When Trotskyism was hip

Louis N Proyect lnp3 at columbia.edu
Wed Nov 22 07:14:39 MST 1995


"It's the spring of 1949 and I'm thirteen and a half. With my best
friend Maria, I am sitting in the very front seat of the top deck of a
double-decker bus as it makes its way down lower Fifth Avenue
toward Greenwich Village, which I've been assured is the very last
stop--thus impossible to miss. Suddenly we see it, the famous arch
that's supposed to be the entrance to Washington Square and to lots of
other things--perhaps a life of romance and adventure--that I've heard
about from four older, very knowledgeable Trotskyite girls whom I've
met in the basement of Hunter College High School. Juniors who
disdain the bourgeois cafeteria upstairs, they lunch secretly on yogurt
deep in the locker room. They carry bags of knitting under which there
are copies of the Militant, which they hawk around Fourteenth Street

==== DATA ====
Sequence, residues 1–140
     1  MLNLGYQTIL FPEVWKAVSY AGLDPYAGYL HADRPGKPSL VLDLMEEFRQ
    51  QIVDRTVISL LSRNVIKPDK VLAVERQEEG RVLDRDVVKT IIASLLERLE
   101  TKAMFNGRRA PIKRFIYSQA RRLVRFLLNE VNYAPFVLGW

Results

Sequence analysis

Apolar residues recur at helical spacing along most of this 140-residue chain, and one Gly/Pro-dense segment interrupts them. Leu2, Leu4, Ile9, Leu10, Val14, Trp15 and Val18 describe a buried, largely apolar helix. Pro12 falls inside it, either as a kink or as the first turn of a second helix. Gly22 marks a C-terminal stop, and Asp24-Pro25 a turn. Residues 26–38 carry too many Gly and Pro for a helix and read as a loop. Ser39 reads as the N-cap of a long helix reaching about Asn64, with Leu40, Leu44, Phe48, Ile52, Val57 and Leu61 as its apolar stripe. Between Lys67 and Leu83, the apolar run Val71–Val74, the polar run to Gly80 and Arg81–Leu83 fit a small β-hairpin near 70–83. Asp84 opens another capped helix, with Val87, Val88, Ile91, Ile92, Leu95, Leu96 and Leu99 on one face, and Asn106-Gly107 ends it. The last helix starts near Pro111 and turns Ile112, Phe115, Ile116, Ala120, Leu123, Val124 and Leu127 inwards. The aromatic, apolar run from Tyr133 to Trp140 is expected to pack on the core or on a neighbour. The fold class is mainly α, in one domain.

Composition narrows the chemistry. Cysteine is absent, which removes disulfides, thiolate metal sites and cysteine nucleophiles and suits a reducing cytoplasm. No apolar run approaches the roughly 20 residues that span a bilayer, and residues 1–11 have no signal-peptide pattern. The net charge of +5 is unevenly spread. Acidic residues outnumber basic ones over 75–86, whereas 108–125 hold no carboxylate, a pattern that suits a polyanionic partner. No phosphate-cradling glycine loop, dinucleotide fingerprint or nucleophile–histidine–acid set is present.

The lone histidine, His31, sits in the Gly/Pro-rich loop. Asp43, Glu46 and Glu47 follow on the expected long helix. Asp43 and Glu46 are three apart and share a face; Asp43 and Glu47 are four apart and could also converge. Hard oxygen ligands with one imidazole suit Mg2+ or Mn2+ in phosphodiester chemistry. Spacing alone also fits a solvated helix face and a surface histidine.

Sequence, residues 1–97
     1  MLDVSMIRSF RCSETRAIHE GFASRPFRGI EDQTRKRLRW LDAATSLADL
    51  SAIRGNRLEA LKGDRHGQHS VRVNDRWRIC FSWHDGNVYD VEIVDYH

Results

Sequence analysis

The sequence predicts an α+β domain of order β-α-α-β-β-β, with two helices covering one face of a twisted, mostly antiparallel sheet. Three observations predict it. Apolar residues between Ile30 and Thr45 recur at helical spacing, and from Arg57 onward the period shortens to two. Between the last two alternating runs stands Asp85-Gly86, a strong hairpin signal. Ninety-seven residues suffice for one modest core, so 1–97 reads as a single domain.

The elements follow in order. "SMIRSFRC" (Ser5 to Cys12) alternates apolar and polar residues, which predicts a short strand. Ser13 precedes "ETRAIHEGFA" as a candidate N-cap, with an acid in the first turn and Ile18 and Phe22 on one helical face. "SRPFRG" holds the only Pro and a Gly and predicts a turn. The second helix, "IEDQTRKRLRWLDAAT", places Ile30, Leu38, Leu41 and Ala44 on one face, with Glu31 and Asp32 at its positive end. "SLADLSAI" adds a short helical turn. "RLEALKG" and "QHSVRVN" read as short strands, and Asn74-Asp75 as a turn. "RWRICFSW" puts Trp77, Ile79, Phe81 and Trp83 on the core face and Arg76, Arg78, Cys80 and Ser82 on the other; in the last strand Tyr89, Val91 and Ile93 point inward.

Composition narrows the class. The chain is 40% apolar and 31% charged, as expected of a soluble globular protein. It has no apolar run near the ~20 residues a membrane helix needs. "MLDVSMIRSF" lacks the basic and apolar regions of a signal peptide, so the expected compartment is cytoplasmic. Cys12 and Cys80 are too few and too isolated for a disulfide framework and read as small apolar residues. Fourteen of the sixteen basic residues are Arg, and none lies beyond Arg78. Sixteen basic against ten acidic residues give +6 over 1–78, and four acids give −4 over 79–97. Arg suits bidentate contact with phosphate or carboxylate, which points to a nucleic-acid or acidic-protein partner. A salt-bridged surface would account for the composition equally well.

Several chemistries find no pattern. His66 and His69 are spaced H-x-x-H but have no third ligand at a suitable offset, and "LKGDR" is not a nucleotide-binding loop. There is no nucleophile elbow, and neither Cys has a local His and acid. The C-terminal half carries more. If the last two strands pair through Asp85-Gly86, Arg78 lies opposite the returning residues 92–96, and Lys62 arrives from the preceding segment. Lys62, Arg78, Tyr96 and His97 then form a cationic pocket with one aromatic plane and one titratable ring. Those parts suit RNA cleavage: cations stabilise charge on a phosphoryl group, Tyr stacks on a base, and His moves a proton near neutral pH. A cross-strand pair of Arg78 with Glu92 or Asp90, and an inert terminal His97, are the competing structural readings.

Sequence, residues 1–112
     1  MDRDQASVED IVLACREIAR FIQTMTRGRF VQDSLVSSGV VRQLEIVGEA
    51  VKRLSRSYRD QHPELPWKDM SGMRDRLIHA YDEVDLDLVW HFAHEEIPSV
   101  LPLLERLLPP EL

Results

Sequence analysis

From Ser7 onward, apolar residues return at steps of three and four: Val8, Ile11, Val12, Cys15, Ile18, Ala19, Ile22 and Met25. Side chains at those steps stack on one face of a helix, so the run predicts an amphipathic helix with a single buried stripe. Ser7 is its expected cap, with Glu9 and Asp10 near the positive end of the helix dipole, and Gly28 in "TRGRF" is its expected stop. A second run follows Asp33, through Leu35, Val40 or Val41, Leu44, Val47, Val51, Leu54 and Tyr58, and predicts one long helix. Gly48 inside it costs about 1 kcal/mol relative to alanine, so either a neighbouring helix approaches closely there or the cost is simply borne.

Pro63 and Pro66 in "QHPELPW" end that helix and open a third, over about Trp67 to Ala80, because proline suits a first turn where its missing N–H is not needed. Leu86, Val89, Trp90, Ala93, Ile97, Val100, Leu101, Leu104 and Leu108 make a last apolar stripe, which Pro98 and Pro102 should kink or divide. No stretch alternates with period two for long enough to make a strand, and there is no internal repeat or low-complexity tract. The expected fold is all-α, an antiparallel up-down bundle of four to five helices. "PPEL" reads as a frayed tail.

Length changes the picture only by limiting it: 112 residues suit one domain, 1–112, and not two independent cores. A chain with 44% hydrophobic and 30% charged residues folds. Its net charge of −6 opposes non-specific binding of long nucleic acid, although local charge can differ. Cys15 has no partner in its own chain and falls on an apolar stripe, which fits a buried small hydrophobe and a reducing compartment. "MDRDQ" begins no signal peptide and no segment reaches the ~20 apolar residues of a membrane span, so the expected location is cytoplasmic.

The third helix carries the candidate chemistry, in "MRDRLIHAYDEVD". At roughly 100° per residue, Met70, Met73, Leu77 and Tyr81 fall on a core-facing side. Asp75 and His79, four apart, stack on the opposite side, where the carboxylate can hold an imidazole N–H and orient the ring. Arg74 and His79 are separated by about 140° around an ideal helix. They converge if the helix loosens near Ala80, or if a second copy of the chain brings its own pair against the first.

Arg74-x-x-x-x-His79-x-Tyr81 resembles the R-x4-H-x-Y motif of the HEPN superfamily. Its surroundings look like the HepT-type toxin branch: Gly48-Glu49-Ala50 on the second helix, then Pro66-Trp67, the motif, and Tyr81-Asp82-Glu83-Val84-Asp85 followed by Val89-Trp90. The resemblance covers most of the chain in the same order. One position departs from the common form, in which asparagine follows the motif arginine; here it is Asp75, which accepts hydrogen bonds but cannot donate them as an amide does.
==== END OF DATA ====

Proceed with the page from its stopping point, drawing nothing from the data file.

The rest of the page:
nearly every day after school. They have Trotskyite boyfriends whom
they make sweaters and argyle socks for and endlessly discuss. They
never quite explain to me what Trotskyite is, but it seems that if you
are one, you're headed for trouble not only with the fascists but with
detestable teen-age Stalinists who've been known to harass sellers of
the Militant and even beat them up. I admire the daring of these girls
tremendously, their whole style, in fact--dark clothes and long
earrings, the cigarettes they smoke illicitly, the many cups of coffee
they say they require to keep them going. Friendly as they are,
however, they never invite me on their rounds. With Olympian
disinterest, they delineate a territory that it's up to me to explore for

(From Joyce Johnson's memoir "Minor Characters", about her
marriage to Jack Kerouac and life within the Beat Generation)

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